Featured Research

from universities, journals, and other organizations

Second Generation Drug-eluting Stent System Challenges Current Gold Standard

Date:
March 26, 2007
Source:
American College of Cardiology
Summary:
While research shows that drug-eluting stents effectively reduce restenosis and revascularization compared to bare-metal stents, questions surrounding the safety of drug-eluting stents continue to dominate headlines. A recent study surveys the safety and efficacy of the second generation Xience Everolimus Eluting Coronary Stent System (EES), compared to the current gold standard paclitaxel-eluting stent (PES), to determine if it offers similar or enhanced outcomes.

While research shows that drug-eluting stents effectively reduce restenosis and revascularization compared to bare-metal stents, questions and controversy surrounding the safety and efficacy of drug-eluting stents continue to dominate discussions and headlines. A study presented at the American College of Cardiology's Innovation in Intervention: i2 Summit surveys the safety and efficacy of the second generation Xience™V Everolimus Eluting Coronary Stent System (EES), compared to the current gold standard paclitaxel-eluting stent (PES), to determine if it offers similar or enhanced outcomes.

Related Articles


Although Xience™V EES has demonstrated favorable results in pilot studies, the SPIRIT-III trial is the first large trial to study the system directly against the leading drug-eluting stent. The trial was conducted at 65 United States sites and enrolled 1,002 patients with coronary lesions in up to two coronary arteries. Patients were randomized in a 2:1 ratio to stent implantation with either Xience™V or PES. Patient outcomes were evaluated using angiography (use of X-rays to study the blood vessels) and intravascular ultrasound (IVUS -- use of a tiny ultrasound probe inserted into the coronary arteries to measure plaque).

Nine months after being implanted, patients treated with the XIENCE V stent compared to PES had similar rates of target vessel failure (7.2% vs. 9.0% respectively), but a strong trend toward fewer ischemic-driven target lesion revascularization procedures (2.6% vs. 5.0%). The rates of death, MI and stent thrombosis were similar with both stents. As a result, there were fewer major adverse cardiac events (MACE) at nine months in patients treated with the XIENCE V stent compared to PES (4.6% vs. 8.1%). At eight month angiographic follow-up, the XIENCE-V stent also significantly decreased in-segment late loss (0.14 mm vs. 0.28 mm) and the follow-up diameter stenosis (18.8% vs. 22.8%), which resulted in a strong trend toward reduced binary restenosis (4.7% vs. 8.9%).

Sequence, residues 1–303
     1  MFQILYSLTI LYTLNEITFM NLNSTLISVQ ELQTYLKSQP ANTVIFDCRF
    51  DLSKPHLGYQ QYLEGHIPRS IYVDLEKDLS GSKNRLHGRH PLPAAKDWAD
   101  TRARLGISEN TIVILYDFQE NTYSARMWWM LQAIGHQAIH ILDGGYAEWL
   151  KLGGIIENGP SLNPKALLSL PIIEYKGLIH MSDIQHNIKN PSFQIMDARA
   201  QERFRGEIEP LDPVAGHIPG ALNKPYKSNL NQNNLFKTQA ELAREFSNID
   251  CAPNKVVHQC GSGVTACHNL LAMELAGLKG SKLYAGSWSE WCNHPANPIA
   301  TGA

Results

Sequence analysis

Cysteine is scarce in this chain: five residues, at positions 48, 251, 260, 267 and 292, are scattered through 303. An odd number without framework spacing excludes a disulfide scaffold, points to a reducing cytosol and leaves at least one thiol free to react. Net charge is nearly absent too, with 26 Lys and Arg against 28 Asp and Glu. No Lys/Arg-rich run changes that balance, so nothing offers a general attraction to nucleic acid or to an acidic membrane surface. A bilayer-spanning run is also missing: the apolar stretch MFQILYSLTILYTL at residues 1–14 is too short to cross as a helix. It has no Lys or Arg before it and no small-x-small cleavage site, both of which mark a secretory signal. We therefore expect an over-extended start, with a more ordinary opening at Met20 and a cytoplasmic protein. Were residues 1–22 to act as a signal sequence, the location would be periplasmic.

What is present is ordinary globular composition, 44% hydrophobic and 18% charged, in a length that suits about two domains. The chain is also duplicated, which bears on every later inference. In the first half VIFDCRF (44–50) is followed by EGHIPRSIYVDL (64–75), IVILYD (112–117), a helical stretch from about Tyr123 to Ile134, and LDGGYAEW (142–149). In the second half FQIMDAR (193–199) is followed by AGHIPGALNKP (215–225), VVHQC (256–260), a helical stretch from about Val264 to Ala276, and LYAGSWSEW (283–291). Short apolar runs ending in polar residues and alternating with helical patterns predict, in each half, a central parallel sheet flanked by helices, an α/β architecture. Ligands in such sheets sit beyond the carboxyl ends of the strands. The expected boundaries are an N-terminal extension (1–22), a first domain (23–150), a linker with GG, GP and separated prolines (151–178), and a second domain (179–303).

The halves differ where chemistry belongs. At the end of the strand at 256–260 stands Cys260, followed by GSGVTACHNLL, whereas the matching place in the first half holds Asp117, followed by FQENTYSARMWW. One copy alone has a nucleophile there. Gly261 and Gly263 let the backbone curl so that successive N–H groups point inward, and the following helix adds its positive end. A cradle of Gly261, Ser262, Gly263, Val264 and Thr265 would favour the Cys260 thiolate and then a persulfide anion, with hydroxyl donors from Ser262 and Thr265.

"Drug-eluting stents continue to evolve, with enhanced drugs, polymers and delivery systems that will result in improved outcomes for patients with coronary artery disease," said Gregg W. Stone. M.D., of Columbia University Medical Center and lead author of the study. "The SPIRIT III trial demonstrates that the XIENCE V stent decreases angiographic restenosis and improves overall freedom from adverse events at nine months after implantation compared to the previously most widely used drug-eluting stent."

Dr. Stone will present the results of the "Clinical, Angiographic and IVUS Results from the Pivotal United States Randomized SPIRIT-III Trial of the Xience™V Everolimus Eluting Coronary Stent System in Patients With Coronary Artery Disease" Innovation in Intervention: i2 Summit is an annual meeting for practicing cardiovascular interventionalists sponsored by the American College of Cardiology in partnership with the Society for Cardiovascular Angiography and Interventions.


Story Source: